Relative Form of Aggregative Compounds. 158. Aggregative compounds are sometimes used relatively ; as, Fuusufruita, -47, -api, “ that which is liable to sorrow, sickness, and death "; especially in the case of adjectives or participles; as, quum, -, -, “ black and white "; wargfon:, -#1, -*, “ bathed and anointed "; ucalaug, -57, -, “city and country"; onuen:, -M, -**, “done and done badly "; T TT:, -47, -1, "good and evil ” (r. 153. 6.). Examples are still more common under the head of complex compounds.

Relative Form of Descriptive Compounds. 159. A greater number of compound words may be referred to this head than to any other. Every style of writing abounds

is prefixed; as, parhielfa

ucetata, “lamentations

* Sometimes evam beginning thus.”

with them. The following may serve as examples : weggurati, -fi, -fan, “whose strength is small” (p. 34. f.); HET.ORG., OT, -, “whose strength is great” (r. 154. a. p. 32. p.); HET.NET:, - :, -5:, “whose glory is great" (r. 68. 69.); HEIMT, -MHT, -PR, “high-minded” (p. 41, 42.); Torcafa:, -, -, “of noble demeanour"; pfisnefe:, -fri, -f,“ of wise intellect” (p. 34. f.); faqatelli, - , -, “having a dear wife ";* wa.

H T:, -all, -, “not to be reconciled." a. Although a passive participle is not often prefixed to a noun in an absolute sense, this kind of combination prevails most extensively in the formation of relative compounds; as, unharco: , -OT, RO, " whose time has arrived"; feta face., -97, -, "whose passions are subdued "; m ent:, -T., - :, “whose mind is composed "; Pau., -, -Fİ, “whose hopes are broken "; :, -R, - , “ whose kingdom is taken away"; fannstr, - FTT:, -5:, “whose glory is boundless "; a cita:, -AT, -#, “whose desire is accomplished," i.e. “successful"; w imagineat:, Pell, - “by whom the shāstras have not been read "; fra 69:, -, -#, " whose heart is pierced.”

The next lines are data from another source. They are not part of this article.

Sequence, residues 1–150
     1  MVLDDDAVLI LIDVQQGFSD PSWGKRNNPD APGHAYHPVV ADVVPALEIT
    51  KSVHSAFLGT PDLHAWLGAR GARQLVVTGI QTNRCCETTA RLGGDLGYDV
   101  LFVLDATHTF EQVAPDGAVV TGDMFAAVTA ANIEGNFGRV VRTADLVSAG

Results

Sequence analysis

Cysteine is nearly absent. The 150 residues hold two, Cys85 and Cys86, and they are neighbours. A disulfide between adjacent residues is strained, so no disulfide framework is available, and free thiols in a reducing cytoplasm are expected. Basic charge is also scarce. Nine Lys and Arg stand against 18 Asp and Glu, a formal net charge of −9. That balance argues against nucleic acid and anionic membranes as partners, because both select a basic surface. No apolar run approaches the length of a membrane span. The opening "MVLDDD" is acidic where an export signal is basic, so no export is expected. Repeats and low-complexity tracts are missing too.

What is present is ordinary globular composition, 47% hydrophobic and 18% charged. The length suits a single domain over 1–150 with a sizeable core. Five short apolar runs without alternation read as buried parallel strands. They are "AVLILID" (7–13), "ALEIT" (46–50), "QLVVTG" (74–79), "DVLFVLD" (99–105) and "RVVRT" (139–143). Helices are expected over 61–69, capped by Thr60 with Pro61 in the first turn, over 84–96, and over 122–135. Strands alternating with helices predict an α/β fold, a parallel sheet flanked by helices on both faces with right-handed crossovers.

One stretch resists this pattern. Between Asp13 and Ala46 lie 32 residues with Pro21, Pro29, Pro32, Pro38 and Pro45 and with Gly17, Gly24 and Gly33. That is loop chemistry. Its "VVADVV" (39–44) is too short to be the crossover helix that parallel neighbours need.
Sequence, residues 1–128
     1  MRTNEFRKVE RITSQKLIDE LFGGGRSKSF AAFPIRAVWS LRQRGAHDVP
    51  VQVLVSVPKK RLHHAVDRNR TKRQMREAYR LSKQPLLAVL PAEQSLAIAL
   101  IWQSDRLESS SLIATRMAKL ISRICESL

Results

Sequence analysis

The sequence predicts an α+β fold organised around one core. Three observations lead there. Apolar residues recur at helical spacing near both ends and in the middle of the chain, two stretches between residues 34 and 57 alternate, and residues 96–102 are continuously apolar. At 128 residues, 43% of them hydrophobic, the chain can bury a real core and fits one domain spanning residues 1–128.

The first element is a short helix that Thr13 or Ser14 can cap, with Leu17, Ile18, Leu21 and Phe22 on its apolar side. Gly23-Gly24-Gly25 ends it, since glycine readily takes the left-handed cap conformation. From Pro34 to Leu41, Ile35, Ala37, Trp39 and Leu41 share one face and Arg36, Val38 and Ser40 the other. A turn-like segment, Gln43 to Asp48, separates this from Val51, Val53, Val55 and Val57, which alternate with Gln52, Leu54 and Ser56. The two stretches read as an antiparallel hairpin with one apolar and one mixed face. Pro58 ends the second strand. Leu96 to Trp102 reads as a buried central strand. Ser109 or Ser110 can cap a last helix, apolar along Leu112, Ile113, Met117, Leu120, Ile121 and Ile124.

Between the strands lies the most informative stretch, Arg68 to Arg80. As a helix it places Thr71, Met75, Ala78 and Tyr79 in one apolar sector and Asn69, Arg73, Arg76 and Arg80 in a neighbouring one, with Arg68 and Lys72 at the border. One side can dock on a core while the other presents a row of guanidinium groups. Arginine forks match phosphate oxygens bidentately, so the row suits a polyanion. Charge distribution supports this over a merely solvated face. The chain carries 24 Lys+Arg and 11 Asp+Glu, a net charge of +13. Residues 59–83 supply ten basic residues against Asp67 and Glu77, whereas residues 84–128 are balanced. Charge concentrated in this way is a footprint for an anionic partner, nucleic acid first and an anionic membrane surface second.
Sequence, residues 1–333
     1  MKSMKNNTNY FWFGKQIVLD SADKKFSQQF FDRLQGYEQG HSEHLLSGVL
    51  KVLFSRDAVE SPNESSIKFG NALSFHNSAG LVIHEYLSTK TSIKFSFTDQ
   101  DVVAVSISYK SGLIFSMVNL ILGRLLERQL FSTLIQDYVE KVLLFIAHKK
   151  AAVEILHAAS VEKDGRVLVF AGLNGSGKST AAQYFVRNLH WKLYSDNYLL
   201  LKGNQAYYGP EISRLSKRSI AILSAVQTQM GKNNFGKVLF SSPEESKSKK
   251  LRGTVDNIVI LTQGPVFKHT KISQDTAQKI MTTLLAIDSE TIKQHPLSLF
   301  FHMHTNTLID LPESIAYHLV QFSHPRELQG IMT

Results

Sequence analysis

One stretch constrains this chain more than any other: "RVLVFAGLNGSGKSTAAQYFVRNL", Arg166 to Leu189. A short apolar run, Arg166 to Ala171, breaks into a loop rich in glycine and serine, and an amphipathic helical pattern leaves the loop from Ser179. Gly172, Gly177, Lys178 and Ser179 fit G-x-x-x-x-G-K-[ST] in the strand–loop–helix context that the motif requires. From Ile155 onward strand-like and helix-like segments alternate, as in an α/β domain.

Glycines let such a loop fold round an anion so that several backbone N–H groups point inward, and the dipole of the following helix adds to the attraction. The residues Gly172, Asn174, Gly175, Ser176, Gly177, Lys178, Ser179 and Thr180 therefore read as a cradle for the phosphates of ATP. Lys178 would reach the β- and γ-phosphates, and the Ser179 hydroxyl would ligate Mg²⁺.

Relative form of Collective Compounds. 160. The following are examples of Collective or Dwigu compounds used relatively: facuu:, -uf, -, "two-leaved "; fergotera:, -at, -, “tri-ocular"; fare, -gf, -," three-headed” (being substituted for ); e, -i, -, “four-faced "; Tabantur:, - UT, -, “ quadrangular"; TOETU, -, - " hundred-gated ";

grau:, -UT, -Eİ, “possessed of the four sciences "; Heura:, -u, -, “thousand-eyed." Relative form of Substantives compounded with certain Adverbial

Prefixes. 161. This includes a class of compounds possessing no corresponding absolute form, and composed of an adverb prefixed to a substantive. By far the greater number of these are formed with

* Occasionally the feminine of the adjective appears in the compound; as, ughteni,“having a sixth wife.”

+ Unless they be regarded as the relative form of Ayayibhava compounds.

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COMPLEX COMPOUND NOUNS. 162. We have now to speak of those complex compound words, or compounds within compounds, which form the most remarkable feature in Sanscrit poetical composition. Instances might be given of twenty or thirty words thus compounded together, but these are the productions of the vitiated taste of more modern times, and are only curious as showing that the power of compounding words may often be perverted to the formation of a style the most extravagant and ridiculous. But even in the best specimens of Sanscrit composition, and in the simplest prose writings, four, five, or even six words are commonly compounded together, involving two or three forms under one head. It will be easy, however, to determine the character of the forms involved, by the rules propounded in the preceding pages; in proof of which the student has only to study attentively the examples we are about to give.

a. Instances of absolute complex compounds, whose sense is complete and unconnected, are not very abundant. The following may be taken as examples : कालान्तरावृत्तिःशुभाशुभानि, “good and evil (occurring) in the revolutions of the interval of time," the whole being a dependent, involving a dependent and an aggregative ; Farafrecruat, “the general and the overseer of the forces,” the whole being an aggregative, involving two dependents; gaurar174U, “the protection from sorrow, enemies, and perils,” the whole being a dependent, involving an aggregative; wuifus , “the disregarded words of a friend," the whole being a descriptive, involving a dependent.